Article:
Road to Eden is a feature-length documentary film that captures the essence of Judaism's most profound teachings about our connection to the earth, the fragility of existence, and our dream of a world perfected.
The spine of the film is the inspirational journey of Dan Nichols, a tour de force of modern Jewish music, who took his show on the road for the Jewish festival of Sukkot in October 2011. Dan and his incredible band Eighteen loaded into an RV and wandered through the Deep South. Each day of Sukkot brought a new town, a unique celebration, and uplifting, sometimes heartbreaking Sukkot stories.
Sukkot is about getting out, stretching ourselves, opening up to new places, people, and ideas. This is the story of what happened when one artist with a message of love and hope embraced the Sukkot challange and set out on a journey that changed him and his fellow travelers in ways they could never have imagined.
In Pensacola, Dan kept the faith with Lawrence, a homeless congregant of Temple Beth El who served as a one-man welcoming committee. He met undocumented aliens on the road in Alabama, fleeing in fear at a time when that state enacted the country's harshest immigration crackdown.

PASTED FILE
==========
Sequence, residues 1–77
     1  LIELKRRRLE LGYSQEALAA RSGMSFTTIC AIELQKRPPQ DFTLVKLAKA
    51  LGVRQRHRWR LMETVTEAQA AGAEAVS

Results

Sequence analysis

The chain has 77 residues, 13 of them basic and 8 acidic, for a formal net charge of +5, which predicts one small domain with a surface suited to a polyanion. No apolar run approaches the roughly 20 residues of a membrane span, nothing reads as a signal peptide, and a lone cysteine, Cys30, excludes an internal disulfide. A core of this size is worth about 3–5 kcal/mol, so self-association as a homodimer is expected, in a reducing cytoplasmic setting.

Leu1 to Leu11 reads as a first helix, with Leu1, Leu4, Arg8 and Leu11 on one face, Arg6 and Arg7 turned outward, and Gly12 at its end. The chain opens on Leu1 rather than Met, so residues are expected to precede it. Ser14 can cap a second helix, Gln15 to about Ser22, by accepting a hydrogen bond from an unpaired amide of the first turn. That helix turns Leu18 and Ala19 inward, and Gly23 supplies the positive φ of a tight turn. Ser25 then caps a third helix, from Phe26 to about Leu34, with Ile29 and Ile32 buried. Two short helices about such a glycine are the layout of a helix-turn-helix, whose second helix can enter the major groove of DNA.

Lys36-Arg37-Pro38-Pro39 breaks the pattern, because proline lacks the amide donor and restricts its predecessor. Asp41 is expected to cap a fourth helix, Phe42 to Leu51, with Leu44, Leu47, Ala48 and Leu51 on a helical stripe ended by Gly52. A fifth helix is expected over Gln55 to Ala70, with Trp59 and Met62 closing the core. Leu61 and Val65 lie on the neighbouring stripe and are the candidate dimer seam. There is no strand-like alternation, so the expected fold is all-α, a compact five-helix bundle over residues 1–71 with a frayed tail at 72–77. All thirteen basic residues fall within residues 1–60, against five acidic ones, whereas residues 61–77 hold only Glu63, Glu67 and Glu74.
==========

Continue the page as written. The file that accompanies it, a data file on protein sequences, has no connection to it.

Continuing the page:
In Memphis, he recounted the triumph and tragedy of Martin Luther King Jr. with the Rev. Billy Kyles, the last man alive to be with Dr. King when he was struck down by an assassin's bullet the day after his famous "Mountaintop" speech where he assured his people, weary wanderers, that they would one day reach the promised land. He broke down walls in Birmingham with the Tribe of Judah, a black gospel choir made up of high school and college students. He celebrated the complicated miracle of the release of Israeli Soldier Gilad Shalit. He sang with the people of New Orleans, who, after Hurricane Katrina, have forged bonds that transcend labels like "Orthodox" and "Reform". He danced with the Torah in Memphis, played folk songs with his old camp director in St. Louis, and welcomed Shabbat at his beloved Goldman Union Camp.
Road to Eden encapsulates Sukkot's profound, and little understood message: We are all traveling together on a road to a better future, a time when the Earth can become a true Eden for all humankind. Sukkot reminds us that the time is now, and our mission, should we choose to accept it, is to get up, get out, and make it happen.